The University of Michigan Ross School of Business was by no means the hardest-hit school in last year’s precipitous decline in international applications to U.S. B-schools. But like its peer school UC-Berkeley, Michigan sees the writing on the wall — and is acting now to prevent a deeper crisis later.
Michigan Ross this month became the latest school to embrace a Science, Technology, Engineering, and Math designation for a track within its MBA program, a move that gives potential foreign applicants a pathway to a longer stay in the U.S. after graduation. After losing 6.2% of its application volume between 2018 and 2019 — and 14.2% in the three years before the current application cycle — Michigan Ross is moving to shore up its all-important international pipeline.
But “going STEM” is about more than keeping the lights on in Ann Arbor, Dean Scott DeRue says. It also has the benefit of giving students what they need for success.
“Business analytics has become essential in helping organizations make strategic business decisions, and we are excited to announce this new pathway for our full-time MBA students who are interested in pursuing STEM-related careers in business,” DeRue says in a news announcement from the school. “Our new STEM track will leverage the world-renowned general management curriculum at Ross to prepare students from a variety of backgrounds to be leaders in the business world of today and tomorrow.”
ROSS SCHOOL STEM MBAs MUST COMPLETE 18 CREDITS OF SPECIFIC ELECTIVES
Because STEM fields are considered essential to U.S. economic competitiveness and growth, the government grants non-citizen graduates of programs with STEM designation a dispensation to work in the United States longer without needing a visa. International graduates of U.S. business schools currently may hold U.S. jobs for only 12 months before needing an H1-B visa — a visa that has become harder to get amid a heated and protracted political debate on immigration. To address a shortage of qualified workers in STEM fields that by some estimates will grow to more than a million jobs by 2024, the federal government in 2016 created the STEM Designated Degree Program, which makes it possible for international graduates to remain stateside for an additional 24 months after graduation and receive training through work experience.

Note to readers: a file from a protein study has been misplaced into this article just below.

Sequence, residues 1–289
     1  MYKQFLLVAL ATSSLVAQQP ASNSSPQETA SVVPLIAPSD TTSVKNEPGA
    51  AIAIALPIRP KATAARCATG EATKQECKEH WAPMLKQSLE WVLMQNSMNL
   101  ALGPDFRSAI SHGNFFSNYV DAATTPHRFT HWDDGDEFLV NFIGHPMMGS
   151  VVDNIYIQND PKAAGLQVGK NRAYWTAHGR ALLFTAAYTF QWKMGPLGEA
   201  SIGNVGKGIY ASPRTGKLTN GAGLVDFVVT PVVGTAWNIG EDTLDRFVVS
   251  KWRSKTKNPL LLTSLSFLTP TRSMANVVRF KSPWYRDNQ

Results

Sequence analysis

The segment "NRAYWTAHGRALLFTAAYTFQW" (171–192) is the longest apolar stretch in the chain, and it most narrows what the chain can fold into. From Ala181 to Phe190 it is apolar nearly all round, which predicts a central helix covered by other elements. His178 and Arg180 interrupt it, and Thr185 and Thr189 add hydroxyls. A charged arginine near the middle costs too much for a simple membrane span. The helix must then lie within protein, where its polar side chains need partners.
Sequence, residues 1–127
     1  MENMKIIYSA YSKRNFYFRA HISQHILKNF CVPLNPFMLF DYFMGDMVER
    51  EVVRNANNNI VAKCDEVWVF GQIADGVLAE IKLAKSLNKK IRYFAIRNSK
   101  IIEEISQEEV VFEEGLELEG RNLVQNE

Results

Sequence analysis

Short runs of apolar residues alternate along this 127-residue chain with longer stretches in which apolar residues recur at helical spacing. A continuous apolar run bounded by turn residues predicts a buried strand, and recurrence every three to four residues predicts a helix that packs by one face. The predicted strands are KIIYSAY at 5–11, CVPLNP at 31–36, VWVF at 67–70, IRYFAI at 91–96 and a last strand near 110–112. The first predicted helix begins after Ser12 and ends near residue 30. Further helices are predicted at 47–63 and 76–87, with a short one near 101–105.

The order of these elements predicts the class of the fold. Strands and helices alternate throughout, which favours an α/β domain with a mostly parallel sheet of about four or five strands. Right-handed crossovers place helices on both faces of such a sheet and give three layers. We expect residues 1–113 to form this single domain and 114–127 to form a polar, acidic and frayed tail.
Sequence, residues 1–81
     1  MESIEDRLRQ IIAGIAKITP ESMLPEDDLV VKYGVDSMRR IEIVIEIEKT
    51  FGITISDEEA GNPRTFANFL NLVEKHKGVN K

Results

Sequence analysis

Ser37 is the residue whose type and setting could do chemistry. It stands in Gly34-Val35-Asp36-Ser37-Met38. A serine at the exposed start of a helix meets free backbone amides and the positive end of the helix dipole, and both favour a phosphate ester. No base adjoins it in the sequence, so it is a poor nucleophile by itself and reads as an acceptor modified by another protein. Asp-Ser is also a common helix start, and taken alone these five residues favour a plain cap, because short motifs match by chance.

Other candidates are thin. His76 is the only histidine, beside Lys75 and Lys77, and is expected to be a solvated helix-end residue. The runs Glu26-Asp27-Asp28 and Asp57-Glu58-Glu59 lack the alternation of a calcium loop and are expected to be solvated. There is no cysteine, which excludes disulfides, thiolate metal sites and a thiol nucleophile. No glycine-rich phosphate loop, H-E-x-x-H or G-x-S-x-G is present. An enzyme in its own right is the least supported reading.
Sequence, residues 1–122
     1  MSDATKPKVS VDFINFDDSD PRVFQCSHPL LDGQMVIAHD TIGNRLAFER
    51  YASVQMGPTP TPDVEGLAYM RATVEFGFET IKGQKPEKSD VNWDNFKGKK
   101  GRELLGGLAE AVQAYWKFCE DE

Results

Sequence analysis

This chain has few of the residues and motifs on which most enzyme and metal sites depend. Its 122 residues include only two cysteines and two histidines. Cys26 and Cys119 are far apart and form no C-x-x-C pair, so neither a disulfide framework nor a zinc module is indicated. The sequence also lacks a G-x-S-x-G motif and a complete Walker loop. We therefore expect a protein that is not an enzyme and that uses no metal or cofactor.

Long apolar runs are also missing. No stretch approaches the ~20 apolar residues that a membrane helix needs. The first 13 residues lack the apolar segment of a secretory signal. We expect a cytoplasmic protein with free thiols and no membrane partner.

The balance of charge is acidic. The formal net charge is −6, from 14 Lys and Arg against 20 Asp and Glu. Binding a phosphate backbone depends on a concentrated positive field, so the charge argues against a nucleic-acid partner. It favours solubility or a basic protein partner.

So, partly in response to demand, partly to entice greater application volume from abroad, in recent years several leading U.S. business schools have unveiled STEM certificates, concentrations, or more in their MBA programs. UC-Berkeley’s Haas School of Business was the most recent elite school to embrace STEM, announcing in November that all three of its MBAs are fully STEM-designated.
Michigan’s new STEM track, which begins in the fall, “represents a significant move within the full-time MBA curriculum at the Ross School of Business,” according to the school’s announcement, “allowing students interested in pursuing quantitative management and business analytics roles across many industries to participate in a formal program.” Full details on the STEM track will be made available in February, according to a newly published school blog.